The Politics of Everyday is Life In GĪKŪYŪ Popular Music of Kenya (1990-2000) by Maina Wa Mutonya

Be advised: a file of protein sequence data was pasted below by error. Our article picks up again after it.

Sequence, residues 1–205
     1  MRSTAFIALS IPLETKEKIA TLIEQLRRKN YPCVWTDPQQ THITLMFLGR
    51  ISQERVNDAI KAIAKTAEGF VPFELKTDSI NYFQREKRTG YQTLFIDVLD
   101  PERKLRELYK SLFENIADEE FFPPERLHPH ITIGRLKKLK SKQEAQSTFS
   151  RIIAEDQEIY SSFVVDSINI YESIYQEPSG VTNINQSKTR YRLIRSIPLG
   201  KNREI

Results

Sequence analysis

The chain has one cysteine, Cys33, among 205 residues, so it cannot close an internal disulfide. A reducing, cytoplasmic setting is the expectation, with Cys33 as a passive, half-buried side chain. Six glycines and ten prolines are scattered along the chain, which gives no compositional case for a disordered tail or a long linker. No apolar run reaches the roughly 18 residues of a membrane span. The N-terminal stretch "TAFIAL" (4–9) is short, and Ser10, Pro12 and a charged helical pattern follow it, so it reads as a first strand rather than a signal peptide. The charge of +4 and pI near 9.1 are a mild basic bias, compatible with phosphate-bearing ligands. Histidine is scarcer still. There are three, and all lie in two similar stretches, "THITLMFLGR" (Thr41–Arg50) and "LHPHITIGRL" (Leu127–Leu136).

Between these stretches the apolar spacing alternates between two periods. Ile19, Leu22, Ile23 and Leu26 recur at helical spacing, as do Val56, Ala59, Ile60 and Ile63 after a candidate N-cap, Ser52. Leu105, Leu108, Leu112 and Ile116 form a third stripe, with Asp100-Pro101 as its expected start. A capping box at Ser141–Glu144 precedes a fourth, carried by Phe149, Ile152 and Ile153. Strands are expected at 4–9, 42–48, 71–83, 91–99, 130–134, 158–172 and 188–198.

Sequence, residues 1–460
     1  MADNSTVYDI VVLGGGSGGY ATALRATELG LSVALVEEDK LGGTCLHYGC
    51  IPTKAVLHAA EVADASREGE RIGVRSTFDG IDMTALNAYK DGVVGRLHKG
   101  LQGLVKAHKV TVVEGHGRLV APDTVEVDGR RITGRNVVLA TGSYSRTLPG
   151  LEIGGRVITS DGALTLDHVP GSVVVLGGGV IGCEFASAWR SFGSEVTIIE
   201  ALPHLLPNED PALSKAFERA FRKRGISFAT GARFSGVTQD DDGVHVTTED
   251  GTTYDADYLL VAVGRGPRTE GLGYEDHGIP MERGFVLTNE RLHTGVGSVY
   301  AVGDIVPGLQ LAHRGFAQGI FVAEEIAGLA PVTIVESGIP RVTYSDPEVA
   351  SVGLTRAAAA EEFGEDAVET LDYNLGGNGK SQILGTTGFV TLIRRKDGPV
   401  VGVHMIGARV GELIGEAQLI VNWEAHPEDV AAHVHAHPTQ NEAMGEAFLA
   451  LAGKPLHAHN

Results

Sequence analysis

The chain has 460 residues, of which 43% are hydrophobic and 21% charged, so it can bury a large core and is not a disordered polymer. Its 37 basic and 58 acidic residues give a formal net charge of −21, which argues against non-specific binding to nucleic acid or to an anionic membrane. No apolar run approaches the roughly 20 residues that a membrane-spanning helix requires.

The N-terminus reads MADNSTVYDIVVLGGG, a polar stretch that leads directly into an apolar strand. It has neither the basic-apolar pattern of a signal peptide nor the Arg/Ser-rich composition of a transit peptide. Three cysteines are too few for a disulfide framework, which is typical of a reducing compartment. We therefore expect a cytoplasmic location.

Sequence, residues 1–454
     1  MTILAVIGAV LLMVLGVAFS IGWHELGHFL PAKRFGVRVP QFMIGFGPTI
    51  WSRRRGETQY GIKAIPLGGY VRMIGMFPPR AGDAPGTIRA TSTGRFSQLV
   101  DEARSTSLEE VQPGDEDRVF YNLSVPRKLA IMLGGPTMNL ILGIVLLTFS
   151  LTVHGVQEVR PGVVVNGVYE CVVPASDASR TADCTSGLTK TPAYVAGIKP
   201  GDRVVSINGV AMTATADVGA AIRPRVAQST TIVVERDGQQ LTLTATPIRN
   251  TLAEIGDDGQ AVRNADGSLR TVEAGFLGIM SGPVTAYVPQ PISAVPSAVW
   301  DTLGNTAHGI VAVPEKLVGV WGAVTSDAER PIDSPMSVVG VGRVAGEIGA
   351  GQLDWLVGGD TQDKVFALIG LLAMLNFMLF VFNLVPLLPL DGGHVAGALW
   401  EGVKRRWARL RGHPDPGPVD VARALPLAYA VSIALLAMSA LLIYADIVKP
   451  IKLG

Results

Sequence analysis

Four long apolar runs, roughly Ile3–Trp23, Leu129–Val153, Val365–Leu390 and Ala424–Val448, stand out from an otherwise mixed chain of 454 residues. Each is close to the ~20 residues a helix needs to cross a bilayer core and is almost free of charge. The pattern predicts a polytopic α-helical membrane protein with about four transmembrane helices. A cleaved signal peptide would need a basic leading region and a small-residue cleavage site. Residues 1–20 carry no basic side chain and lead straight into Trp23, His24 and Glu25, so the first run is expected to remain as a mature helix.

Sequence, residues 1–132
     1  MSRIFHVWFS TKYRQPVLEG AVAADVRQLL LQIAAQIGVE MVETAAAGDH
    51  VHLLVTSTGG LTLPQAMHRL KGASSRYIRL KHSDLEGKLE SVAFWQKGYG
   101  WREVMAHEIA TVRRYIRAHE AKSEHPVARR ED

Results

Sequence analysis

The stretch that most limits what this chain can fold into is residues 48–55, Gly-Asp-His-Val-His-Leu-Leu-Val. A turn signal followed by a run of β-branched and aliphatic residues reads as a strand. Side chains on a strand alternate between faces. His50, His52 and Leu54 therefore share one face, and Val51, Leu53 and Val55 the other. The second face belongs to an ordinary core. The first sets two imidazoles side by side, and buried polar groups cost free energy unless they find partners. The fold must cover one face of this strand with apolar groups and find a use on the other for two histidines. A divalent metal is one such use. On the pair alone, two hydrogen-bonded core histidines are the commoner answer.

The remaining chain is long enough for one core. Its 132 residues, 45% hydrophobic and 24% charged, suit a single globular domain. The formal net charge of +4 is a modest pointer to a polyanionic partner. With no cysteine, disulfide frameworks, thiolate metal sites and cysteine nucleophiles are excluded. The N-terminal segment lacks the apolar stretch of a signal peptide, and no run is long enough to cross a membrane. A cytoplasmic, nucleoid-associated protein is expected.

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While probing the politics of everyday in Gikuyu popular music, the main thrust of this book is to unpack the representation of daily struggles through music. Depending mainly on the lyrics of the songs, the study also combines both the textual and the contextual analysis of the music. Music here is studied both as a text, and as an aspect of popular culture. The decade 1990-2000 in Kenya provides two contrasting political developments, which directly impacted on the ordinary Kenyan; firstly, the extremes of the country's one-party rule were at the peak until when multi-party democracy was re-introduced. This ushered in a new era, but with antecedents in one-party rule, where service delivery was below par and economic mismanagement, corruption, assassinations and detentions continued unabated. It is in this contrasting environment that popular arts proliferated as a way of countering the repressed freedom of expression. This book, therefore, looks at how the Gikuyu musicians reacted and responded to these social and political realities in their songs. Music is discussed as an essential site for creation, re-creation and negotiation of the various forms of identities.